Ah, summer! No matter where you live, it feels so fleeting. What’s an author to do?
I’ve known writers who refused to write in the summer—and not coincidentally, these writers haven’t published much. While writing’s not all nose-to-grindstone, it is hard work, and unless there’s anything other than a self-imposed deadline looming, most of us find it far too easy to fill our time with other activities.
Don’t get me wrong: For writers, breaks are important; in fact, it’s when you’re less task-focused that you’re more likely to experience “aha” moments of insight. Walking, in particular, has been linked to creative break-throughs. But beware distractions that keep you from the task at hand. Recognize them for what they are: a means of dodging the tough work of getting words on the page. Learn to recognize the difference between a break that helps you access the more creative parts of your brain and a break that’s merely avoidance.
Know what has the greatest tendency to pull you away from your project, be it email or social media or even housework, to which writers have been known to resort when they’re feeling stuck, or when they’re dreading the hard part of beginning. Recognize that starting each writing session is the toughest part (which is why rituals help).
Once you engage in your work, it becomes its own source of pleasure, as long as you’re not overly hard on yourself. Keep your focus on process, not product. As you give yourself over to the act of discovery, the product will take care of itself.
In a recent interview on my book What Every Author Should Know: No Matter How You Publish, the interviewer kept circling around to questions of time and how writers should manage it.
Here, excerpts from that interview, with several tips on managing your writing time:
My favorite tip from your book is the 80/20 rule: 80% of your writing time on creative efforts and 20% on production and promotion. What do you use to keep track of creation/revision, reflection, immersion, community, and promotion and marketing time? How do you apply this rule if you suffer constant interruptions from what you call a “side trip” or other non-literary commitments like a full-time job or small children?
Mostly, it’s a matter of looking closely at how your days unfold, and then making adjustments where you can to preserve your craft time first, your time for creation and revision. When are you least likely to be interrupted? Alice Munro, one of my literary heroes, wrote short stories while her children napped. Once you’ve found that “sacred time,” be it 10 minutes or six hours, you have to commit to its purpose. No checking emails, no surfing for research, no staring at the screen for long periods. Just write. Everything else gets worked in around the crafting. Reflection is fun because it happens best when you’re going about the everyday business of living. I get my best insights while walking the dog, taking a shower, and right before I fall asleep. As for keeping track, all I use is a cheap spiral notebooks, one for each year. On each page I keep my to-do list for the week. What I can fit between those lines is about what I can get done in a week, after my creative time.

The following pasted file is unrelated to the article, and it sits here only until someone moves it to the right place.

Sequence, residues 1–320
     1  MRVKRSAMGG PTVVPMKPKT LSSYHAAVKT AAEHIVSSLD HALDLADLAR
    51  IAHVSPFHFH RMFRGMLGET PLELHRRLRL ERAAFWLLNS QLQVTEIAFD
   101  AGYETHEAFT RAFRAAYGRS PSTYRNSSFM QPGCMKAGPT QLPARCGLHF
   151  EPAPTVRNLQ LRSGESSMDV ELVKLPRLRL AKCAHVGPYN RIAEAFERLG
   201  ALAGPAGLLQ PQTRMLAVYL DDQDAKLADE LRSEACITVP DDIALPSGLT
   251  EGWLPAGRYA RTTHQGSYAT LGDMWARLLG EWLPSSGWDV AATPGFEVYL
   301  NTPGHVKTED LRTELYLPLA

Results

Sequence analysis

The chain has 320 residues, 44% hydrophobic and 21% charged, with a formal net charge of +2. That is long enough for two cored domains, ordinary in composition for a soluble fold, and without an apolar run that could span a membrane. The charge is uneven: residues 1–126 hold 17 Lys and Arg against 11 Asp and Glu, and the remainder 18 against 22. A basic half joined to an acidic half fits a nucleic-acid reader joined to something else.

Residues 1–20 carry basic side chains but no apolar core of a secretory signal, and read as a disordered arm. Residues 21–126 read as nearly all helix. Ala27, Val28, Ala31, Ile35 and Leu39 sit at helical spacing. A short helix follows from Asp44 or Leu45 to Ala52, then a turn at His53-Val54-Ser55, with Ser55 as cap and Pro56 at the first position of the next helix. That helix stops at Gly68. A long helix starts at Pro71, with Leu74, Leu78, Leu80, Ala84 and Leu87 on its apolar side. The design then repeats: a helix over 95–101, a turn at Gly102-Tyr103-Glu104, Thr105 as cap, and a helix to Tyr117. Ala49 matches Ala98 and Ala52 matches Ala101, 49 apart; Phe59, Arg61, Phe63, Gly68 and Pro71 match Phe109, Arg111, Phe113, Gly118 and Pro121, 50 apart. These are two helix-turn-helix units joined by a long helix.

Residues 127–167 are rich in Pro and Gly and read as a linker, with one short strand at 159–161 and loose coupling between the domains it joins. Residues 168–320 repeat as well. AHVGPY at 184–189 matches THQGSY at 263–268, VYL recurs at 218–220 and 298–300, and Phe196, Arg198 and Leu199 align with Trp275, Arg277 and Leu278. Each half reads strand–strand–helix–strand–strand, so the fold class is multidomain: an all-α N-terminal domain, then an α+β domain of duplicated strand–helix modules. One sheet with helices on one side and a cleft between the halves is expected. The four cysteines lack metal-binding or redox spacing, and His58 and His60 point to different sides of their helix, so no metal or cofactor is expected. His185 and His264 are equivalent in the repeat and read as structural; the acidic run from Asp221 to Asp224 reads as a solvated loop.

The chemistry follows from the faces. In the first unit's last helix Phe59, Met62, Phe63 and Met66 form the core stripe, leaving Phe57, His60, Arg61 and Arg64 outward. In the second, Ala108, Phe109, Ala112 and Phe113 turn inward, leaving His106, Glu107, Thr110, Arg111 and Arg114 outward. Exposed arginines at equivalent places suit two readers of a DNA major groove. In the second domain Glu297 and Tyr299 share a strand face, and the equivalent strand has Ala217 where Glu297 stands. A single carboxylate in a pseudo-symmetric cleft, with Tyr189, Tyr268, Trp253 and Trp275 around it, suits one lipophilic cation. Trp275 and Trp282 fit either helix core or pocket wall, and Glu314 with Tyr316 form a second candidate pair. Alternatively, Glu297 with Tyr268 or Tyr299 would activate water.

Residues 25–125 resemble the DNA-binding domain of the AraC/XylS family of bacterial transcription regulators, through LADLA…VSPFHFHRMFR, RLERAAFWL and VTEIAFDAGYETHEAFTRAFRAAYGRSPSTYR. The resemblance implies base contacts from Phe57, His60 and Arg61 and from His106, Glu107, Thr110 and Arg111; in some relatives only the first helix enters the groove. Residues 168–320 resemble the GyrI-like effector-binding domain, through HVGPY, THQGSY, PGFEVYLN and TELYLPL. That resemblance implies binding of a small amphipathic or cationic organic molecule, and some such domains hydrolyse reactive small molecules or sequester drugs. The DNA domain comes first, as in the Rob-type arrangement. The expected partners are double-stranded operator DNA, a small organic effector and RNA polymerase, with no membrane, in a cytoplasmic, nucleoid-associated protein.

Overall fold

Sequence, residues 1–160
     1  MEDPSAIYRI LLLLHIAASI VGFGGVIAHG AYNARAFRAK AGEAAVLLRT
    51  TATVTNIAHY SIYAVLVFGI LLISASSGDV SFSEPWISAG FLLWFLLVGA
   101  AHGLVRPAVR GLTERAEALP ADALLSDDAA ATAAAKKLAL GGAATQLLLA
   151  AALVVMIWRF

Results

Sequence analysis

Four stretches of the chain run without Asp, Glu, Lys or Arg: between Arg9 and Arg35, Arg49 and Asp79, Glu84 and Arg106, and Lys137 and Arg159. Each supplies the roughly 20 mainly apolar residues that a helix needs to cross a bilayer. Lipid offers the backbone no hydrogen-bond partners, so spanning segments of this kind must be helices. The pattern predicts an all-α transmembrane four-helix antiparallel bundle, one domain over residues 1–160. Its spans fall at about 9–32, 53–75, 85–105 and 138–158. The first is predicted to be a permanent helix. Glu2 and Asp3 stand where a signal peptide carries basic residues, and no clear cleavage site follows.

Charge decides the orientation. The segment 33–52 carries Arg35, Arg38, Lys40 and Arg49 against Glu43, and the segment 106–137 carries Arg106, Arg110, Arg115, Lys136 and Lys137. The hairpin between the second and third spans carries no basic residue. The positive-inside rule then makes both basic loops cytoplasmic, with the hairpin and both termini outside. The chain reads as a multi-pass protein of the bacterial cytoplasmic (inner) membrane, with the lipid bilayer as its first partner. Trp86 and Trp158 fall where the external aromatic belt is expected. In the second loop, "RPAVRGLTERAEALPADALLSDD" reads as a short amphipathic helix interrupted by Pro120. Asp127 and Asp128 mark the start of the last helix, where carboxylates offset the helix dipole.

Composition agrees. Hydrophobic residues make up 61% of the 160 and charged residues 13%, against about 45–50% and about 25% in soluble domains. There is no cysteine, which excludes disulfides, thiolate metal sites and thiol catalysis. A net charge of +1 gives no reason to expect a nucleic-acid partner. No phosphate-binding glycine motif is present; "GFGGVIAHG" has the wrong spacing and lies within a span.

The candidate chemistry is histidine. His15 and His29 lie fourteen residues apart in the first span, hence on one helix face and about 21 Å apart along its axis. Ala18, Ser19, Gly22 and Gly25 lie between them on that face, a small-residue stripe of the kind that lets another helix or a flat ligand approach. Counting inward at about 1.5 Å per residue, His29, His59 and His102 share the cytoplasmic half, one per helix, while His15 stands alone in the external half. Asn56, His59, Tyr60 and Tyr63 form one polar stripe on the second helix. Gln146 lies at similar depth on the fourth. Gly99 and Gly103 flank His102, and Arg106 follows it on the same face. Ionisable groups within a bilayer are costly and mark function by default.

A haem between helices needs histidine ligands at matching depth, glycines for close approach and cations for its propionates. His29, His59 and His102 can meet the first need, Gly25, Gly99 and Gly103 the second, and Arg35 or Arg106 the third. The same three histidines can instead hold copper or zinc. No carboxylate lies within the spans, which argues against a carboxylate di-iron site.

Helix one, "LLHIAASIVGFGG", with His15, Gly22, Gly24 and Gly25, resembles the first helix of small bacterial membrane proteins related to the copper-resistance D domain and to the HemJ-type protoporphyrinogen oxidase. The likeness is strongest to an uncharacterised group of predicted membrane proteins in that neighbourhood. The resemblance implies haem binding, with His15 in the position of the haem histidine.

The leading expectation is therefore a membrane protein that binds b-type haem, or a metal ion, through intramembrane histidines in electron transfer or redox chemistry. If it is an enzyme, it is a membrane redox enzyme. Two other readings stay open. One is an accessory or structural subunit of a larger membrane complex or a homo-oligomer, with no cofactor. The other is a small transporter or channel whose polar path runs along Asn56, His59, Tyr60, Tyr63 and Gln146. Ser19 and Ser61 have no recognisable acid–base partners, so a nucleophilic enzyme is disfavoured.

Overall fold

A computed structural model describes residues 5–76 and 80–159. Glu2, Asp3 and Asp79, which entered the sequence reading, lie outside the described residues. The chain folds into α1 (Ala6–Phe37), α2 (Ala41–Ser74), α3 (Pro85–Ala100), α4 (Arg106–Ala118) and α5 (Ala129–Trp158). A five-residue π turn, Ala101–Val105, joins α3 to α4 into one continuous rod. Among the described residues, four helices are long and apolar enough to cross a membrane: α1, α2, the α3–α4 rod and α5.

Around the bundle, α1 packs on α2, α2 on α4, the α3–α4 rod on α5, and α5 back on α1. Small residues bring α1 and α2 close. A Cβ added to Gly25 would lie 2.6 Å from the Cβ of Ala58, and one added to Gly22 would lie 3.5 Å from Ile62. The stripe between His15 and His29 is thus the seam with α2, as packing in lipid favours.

I’m most impressed with how you keep your web site and presence on a variety of social media fresh and engaging. How do you “systematize your involvement so it’s not a huge time-suck”?
I start my weekdays with 10 minutes on Twitter, then set it aside. I jump on Facebook only when I’ve got down time—when I’m waiting in line or enjoying a midday cup of tea. I set aside an hour or two every Thursday to draft two blog posts, one on an aspect of writing or publishing for The Self-Made Writer, and one on my work in progress for the WIP Wednesday feature on my website; I post both in advance. Cindy Dyson of Dyson UXDesigns recently revamped my website for me, and in addition to infusing it with this incredible energy, she also became very protective of my creative time, so she set it up to require minimal maintenance while still managing to maximize the ways in which I interface with readers. If I’ve got lots of news to share with friends and fans, I’ll use Buffer to schedule posts.
In the last section “Live the Life,” you offer important lessons you’ve learned about maintaining “bounce”: a blend of confidence and strategy. What tools do you recommend for generating ideas, managing promotional strategies, juggling several projects at once, and not giving up when you feel the universe is against your writing?
You have to believe not just in yourself but in the project you’re working on: that you’re speaking truth in the best way you know how, truth that in some way will better this world. You have to love what you do for its own sake. When I read about how writers need first and foremost to affirm themselves, it saddens me. What a set-up for failure! Writers are some of the least-affirmed people I know. But you know, sometimes when it feels like the universe is against our writing, maybe it’s actually trying to help us out, by prodding us to do the better work we can do if we forego the ego and take a learner’s stance with every project. The best writer’s tool, honestly, is joy: in what you do, in your approach to your life and your work. Regardless of external rewards, a writer, by virtue of her craft, enjoys a bountiful existence.
Deb's book What Every Author Should Know, No Matter How You Publish, is now $2.99 in e-book. It's also available in print.